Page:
This is not “going above and beyond,” he added, but “merely meeting our halachic obligation to ensure that all Jews have access to a Jewish life.”

Koch and RespectAbility sent a follow-up newsletter on Aug. 27.

“Last week, I started this newsletter with a deep plea for your help in increasing the number of accessible services that would be available to people who are deaf and hard of hearing during this High Holiday season. I am profoundly grateful to those who have replied: four congregations on our list are providing ASL, and five are providing captioning. You are truly congregations who have embraced the obligation of welcoming everyone, and on behalf of the Jewish community, with and without disabilities, I thank you.”

Still, he expressed some disappointment. “I’m deeply troubled that, with somewhere between 1,500 and 2,000 congregations or minyans in this country, we have not been able to find even 10 providing this important access.”

The second email also included a link to “Find Accessible Streaming Services”; steps, if any, to access them; and which accommodations they provide.

One thing beneficial midway through the High Holidays is the advent over the years of pedi- and other mobile sukkahs that travel on campus and in certain cities to meet Jewish individuals where they are, along the same lines as rabbis blowing the shofar in public parks for Jewish groups, and basically, in earshot of the general public. The fact that the holiday is one celebrated outside helps a great deal in terms of COVID.

In some cases last year at the height of the pandemic, rabbis went to the homebound themselves, blowing shofar outside windows.

‘We have a mission in this world’

Tuchman, co-author of RespectAbility’s “Opening the Gates,” is thought to be the first blind woman in the world to enter the rabbinate. She is also a teacher and writer who provides consulting to individuals and organizations across the Jewish community on a variety of matters pertinent to disability access and inclusion. Tuchman is sensitive to the fact that congregational rabbis are “exhausted beyond measure” dealing with issues these past 18 months such as “pastoral emergencies.”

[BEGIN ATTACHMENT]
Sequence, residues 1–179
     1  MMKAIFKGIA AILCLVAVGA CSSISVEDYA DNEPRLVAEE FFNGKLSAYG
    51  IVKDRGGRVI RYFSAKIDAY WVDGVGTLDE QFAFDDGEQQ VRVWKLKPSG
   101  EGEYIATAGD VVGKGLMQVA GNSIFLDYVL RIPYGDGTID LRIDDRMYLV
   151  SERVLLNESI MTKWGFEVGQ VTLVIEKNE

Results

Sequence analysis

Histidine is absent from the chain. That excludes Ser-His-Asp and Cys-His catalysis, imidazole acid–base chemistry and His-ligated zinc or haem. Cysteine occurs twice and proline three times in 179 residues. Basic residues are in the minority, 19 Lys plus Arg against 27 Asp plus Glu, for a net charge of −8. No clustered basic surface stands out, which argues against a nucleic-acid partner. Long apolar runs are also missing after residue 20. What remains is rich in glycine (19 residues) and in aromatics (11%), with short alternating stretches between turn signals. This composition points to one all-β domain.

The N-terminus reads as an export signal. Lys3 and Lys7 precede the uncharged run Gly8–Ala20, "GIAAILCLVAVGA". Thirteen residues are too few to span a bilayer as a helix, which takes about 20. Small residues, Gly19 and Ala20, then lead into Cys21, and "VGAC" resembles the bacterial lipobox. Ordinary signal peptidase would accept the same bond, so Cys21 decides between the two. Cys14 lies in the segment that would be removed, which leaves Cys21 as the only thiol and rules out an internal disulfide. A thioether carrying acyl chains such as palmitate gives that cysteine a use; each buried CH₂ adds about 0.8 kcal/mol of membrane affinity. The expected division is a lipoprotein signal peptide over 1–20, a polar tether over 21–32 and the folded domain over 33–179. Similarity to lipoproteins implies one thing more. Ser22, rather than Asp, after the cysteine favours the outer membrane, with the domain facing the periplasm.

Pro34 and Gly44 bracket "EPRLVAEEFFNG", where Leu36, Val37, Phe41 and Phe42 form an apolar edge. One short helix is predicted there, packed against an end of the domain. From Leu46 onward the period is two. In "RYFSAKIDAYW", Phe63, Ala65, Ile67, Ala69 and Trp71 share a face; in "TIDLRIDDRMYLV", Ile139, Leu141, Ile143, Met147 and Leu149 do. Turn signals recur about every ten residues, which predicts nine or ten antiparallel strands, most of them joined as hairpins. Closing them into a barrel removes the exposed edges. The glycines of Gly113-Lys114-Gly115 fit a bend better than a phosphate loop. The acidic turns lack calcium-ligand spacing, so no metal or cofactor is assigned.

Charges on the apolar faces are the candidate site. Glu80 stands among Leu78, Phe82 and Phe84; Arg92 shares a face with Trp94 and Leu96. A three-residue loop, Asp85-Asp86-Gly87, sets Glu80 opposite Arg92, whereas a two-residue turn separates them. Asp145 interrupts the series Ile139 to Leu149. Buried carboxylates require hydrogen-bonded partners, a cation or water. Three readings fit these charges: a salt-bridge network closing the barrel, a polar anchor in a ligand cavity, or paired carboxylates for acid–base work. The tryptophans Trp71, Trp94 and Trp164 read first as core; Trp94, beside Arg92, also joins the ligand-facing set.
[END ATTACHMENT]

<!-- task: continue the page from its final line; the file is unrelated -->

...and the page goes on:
She offers this as a way of partially explaining why rabbis may not be as attuned to disabilities inclusion they year as they might have been during non-pandemic times. “When stress goes up, accessibility goes down,” observes Tuchman. She offers this simple truth as a way of explaining why rabbis may not be focusing as much on captioning and other accommodations this holiday season.

While Tuchman continues to reach out to rabbinical colleagues to offer assistance and encouragement in this area, she also wonders if congregants could be trained to help, as advocates and by possibly training as captioners or signers. “It is an opportunity for real out-of-the-box thinking. We have a mission in this world. Let’s do what we can to get this done in any way.”

Yuval Wagner, founder and president of Access Israel, consults with businesses and organizations in Israel and around the world on accessibility. He advises technology designers to assure that accessibility is considered from the outset. As a person who uses a wheelchair, he also focuses on how synagogues can remain sensitive to physical accessibility.

“Synagogues need to know how to design seating and furniture, prayer tables and the ark so that they are adjustable and fully accessible for the use of people with disabilities. Synagogues must offer large-print prayer books and Bibles, and assistive technologies that are helpful for people with hearing disabilities.”

It’s a matter, he conceded, that is a work in progress.

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Original Article Published On The JNS

When Diego Schwartzman outlasted Kevin Anderson in Wednesday night’s rain-drenched match—requiring relocation from Louis Armstrong to Arthur Ashe Stadium mid-game—he became the identified Jewish player who is guaranteed to go deepest in this year’s US Open singles draw. The prestigious Grand Slam tennis event is taking place from Aug. 24 to Sept. 12 in New York.

The proudly Jewish Argentinian started his match against the 2017 US Open runner-up at 7:30 p.m. at Louis Armstrong—a stadium with a retractable roof, but with ventilation openings that allowed rain on to the courts—but then was put on hold at 5-5 in the first set. The court was dried and play resumed, even though large puddles continued to form. The match was relocated to Ashe with the 11th-seeded Schwartzman completed his 7-6 (4), 6-3, 6-4 win at 1:30 a.m.

Two days earlier, on the sunny first day of the tournament, Schwartzman (#14 in the world) defeated hard-hitting Ričardas Berankis in straight sets 75-63-63. Following the match, Schwarzman put on a mask and patiently signed tennis balls, iPhone cases and even baseballs for dozens of fans—several wearing yarmulkes and many unfurling Argentine flags and chanting “Diego” repeatedly.

Schwartzman, known as “El Peque” for his short stature, is proud of his Jewish heritage. He grew up playing tennis at Club Náutico Hacoaj, the Jewish club in Buenos Aires, and he has spoken about his Polish maternal great-grandfather who crammed with others into a cattle car en route to a concentration camp during the World War II. The coupling broke apart, leaving his car behind at a station as others went to their deaths. He jumped off the train and fled, eventually traveling by ship with his family to Argentina.

Schwartzman reached the US Open quarterfinals in 2017 and 2019. He is now on to the third round, where he will face Alex Molčan of Slovakia.